You know, it seems like the bloom started coming off the Pac-12 Network’s rose almost before the media could get the phrase “Larry Scott is a genius!” out of its mouth. The SEC rejected Scott’s ownership model when it came time to create its own network and found a much friendlier market, much to Scott’s displeasure.
And now comes the rest of the story.
So if you’re scoring at home, we have these projections for TV-related revenue for 2017-18, on a per-school basis:
SEC: $35.6 million
Big Ten: $33 million
Pac-12: $22.95 million
That’s a monumental gap, folks.
It’s reminiscent of the difference in revenue that existed under the Pac-12′s old Tier 1 deal.
It could impact the competitive balance, the ability to hire top-notch coaches and manage the looming increase in expenses due to legislative changes and the O’Bannon lawsuit.
To be fair, Scott has always faced an uphill battle. It’s not as if he’s done poorly. It’s just, you know, demographics.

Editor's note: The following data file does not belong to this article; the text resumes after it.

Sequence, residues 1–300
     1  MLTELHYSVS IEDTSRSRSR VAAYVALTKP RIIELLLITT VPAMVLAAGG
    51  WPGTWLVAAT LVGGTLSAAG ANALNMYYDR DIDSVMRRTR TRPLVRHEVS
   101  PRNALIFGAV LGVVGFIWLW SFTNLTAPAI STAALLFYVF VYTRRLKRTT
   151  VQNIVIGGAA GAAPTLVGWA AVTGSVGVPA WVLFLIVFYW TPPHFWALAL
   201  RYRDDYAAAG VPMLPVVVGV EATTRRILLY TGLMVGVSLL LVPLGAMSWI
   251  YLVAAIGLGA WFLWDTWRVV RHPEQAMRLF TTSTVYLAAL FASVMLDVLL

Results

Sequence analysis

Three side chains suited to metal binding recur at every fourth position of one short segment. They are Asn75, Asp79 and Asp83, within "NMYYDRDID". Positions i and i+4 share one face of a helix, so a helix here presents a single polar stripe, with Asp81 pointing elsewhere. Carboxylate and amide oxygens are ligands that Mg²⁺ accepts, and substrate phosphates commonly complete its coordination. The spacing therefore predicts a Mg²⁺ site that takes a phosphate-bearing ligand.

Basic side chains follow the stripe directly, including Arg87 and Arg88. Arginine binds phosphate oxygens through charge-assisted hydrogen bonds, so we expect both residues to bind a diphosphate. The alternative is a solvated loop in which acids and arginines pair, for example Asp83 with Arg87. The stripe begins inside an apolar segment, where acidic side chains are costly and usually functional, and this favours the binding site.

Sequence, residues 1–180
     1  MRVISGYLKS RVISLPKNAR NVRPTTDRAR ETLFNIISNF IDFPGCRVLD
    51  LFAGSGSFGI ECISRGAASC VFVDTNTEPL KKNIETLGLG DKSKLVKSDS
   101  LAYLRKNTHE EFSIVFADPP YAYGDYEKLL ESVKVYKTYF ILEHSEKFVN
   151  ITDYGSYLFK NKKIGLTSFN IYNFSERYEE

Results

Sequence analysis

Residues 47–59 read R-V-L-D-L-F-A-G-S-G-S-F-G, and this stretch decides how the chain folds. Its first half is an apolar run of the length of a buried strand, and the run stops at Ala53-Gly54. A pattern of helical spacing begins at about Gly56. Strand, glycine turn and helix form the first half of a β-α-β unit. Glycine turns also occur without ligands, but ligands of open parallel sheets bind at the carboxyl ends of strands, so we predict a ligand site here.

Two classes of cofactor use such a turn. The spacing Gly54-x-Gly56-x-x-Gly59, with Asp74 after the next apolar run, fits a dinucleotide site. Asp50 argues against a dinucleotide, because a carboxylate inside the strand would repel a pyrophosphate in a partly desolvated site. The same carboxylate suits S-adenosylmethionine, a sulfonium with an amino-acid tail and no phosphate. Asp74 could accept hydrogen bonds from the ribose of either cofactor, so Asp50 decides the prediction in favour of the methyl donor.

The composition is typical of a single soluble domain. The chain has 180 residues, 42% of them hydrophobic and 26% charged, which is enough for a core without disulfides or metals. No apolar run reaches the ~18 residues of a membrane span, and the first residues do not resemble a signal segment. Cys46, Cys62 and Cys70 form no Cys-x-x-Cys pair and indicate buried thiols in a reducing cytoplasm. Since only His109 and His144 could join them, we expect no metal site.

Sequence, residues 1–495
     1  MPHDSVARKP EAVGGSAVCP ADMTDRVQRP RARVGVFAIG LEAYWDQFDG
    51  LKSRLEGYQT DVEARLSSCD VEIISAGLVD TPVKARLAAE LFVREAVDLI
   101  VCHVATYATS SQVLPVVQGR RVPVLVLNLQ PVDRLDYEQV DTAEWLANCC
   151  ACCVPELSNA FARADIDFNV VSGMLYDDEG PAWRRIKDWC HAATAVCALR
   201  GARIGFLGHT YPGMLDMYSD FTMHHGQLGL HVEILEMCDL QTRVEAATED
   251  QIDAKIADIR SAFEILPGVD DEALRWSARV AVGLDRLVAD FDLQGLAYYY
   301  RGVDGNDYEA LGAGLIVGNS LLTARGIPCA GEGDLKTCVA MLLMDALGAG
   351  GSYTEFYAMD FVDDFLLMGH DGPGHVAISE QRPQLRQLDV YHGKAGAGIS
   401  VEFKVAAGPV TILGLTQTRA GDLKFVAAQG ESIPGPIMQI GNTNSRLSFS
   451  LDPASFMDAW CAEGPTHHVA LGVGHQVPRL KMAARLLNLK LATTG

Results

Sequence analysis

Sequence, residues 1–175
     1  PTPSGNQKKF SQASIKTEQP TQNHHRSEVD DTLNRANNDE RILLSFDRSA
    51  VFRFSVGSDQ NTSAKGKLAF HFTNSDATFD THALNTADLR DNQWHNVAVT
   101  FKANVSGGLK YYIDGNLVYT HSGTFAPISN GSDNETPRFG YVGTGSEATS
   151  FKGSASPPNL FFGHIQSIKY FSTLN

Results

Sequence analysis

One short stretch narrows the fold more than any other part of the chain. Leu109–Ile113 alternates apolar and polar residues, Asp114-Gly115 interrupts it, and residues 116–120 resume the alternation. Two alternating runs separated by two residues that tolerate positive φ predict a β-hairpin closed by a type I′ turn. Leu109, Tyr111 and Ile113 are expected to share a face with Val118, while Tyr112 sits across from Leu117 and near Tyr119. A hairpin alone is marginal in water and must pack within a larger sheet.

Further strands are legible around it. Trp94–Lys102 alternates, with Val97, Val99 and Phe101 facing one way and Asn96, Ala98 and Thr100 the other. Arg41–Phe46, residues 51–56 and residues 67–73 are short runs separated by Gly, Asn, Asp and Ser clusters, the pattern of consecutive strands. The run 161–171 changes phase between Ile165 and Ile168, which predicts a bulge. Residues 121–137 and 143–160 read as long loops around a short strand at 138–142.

To some extent, there is nothing the Pac-12 can do:
The SEC and Big Ten are always going to command more Tier 1 money than the Pac-12. A quick check of the ESPN metered markets is proof:
Of the top-25 markets in 2014, only three were in the Pac-12 footprint and none were in the top 10:
No. 13 Salt Lake City
No. 17: Portland
No. 25 Phoenix
Meanwhile, eight of the top 10 were in the SEC, including perennial No. 1 Birmingham.
If you’re wondering why the conference chased Texas so hard a few years ago, there you go. And it’s hard to see how it gets out of the revenue box it’s in without that kind of expansion in the future.
The looming TV revenue gap between the Pac-12 and its peers isn’t a Tier 1 issue. Scott got the best deal he could get.
The problem, as we’ll examine, is the Pac-12 Networks.
There just aren’t enough eyeballs to go around. And it doesn’t take a genius to see that.